Hatching duck eggs (incubating duck eggs)

Hatching duck eggs (incubating duck eggs)

Years ago when we first started getting in to egg incubation, we were told that hatching quail eggs was one of the most difficult types of birds to hatch.  So when we started getting really good results with quail, we were feeling pretty good about our hatching abilities.  But I have learned that there is another type of poultry that can also be tricky to incubate: Ducks! 

As you consider duck egg incubation, there are a few key differences than other non-water fowl.  And these items make a big difference!   

First of all, most breeds of duck eggs take about a week longer than chicken eggs.  And some (Muscovy ducks, for example), take two weeks longer.  The extra time in the incubator means more time for little variables to add up and go wrong.  The temperature needs for ducks are the same as for chickens and most other poultry, but the moisture requirements are different.  Ducks get wet and so the eggs naturally are exposed to more moisture than other birds.  We try to make these changes in the incubator where the eggs will be set.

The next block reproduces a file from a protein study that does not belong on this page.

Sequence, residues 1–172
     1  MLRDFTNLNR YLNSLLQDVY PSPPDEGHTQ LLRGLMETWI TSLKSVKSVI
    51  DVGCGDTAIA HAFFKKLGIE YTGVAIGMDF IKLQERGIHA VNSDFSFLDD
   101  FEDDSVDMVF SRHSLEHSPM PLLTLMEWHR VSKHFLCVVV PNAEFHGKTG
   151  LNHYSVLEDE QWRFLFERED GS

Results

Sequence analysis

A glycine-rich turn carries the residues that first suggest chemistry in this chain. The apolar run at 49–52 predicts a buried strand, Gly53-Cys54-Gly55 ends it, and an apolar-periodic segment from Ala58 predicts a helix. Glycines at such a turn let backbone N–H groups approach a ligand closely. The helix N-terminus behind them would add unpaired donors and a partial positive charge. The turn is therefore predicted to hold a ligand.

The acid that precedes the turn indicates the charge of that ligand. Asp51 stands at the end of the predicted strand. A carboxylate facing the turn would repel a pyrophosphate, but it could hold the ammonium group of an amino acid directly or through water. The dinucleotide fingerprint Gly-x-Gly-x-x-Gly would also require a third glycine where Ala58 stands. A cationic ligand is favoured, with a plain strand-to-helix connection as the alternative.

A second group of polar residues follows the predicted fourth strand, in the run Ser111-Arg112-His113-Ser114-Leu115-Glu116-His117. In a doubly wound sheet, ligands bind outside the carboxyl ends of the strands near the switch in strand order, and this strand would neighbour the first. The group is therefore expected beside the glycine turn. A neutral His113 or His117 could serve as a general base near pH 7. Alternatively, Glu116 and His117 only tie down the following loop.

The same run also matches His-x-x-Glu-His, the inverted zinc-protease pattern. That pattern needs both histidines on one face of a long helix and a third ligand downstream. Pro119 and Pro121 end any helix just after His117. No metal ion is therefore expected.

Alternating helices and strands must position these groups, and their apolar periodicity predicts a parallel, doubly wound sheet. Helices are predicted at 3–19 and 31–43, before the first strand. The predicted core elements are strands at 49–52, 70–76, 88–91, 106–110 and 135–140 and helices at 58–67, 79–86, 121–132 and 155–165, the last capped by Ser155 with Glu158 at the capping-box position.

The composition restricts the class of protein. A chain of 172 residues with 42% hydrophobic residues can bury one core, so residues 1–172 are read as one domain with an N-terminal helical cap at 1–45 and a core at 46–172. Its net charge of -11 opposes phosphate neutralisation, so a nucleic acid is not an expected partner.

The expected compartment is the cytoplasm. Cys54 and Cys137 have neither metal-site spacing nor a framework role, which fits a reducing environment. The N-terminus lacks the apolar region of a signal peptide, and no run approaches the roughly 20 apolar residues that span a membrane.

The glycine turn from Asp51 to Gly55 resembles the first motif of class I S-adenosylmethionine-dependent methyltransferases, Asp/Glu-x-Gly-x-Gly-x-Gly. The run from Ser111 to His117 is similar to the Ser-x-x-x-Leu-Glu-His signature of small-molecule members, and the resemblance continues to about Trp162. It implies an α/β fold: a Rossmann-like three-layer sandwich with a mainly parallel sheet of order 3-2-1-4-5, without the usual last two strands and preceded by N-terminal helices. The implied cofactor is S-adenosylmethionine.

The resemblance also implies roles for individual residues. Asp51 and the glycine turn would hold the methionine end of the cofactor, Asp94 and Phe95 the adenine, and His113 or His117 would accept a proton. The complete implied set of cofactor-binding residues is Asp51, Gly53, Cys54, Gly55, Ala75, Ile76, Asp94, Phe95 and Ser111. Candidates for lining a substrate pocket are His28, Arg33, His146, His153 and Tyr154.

Mother Nature has designed birds with an innate ability to do the correct things to ensure a good hatch.  Their bodies are naturally the correct temperature and produce moisture which gives the eggs the environment they need.  The mother’s sense of smell tells her when an egg has gone bad so she can remove it from the nest.  They naturally know that they are supposed to turn the eggs so the developing embryos get the needed rotation.  Nature does a great job and we humans just try to replicate that the best we can.  And that’s where the incubator comes in.

The incubation period for most ducks is 28 days.  For a few species, such as Muscovy ducks, the hatch time is between 34-37 days.  The lock-down period (the last 2-3 days before hatching) needs to be adjusted accordingly.  The humidity is typically set about around 55% for the incubation period and increased to around 65% for the lock-down period.  As soon as the birds start to pip, the humidity should be increased to around 80%. 

Ducks are an extremely rewarding bird to hatch and raise.  Of all of the breeds of birds, ducks may be the cutest of them all.  They are very active, they like to run and they love to get wet!  Prepare to provide them lots of water and have fun watching them play!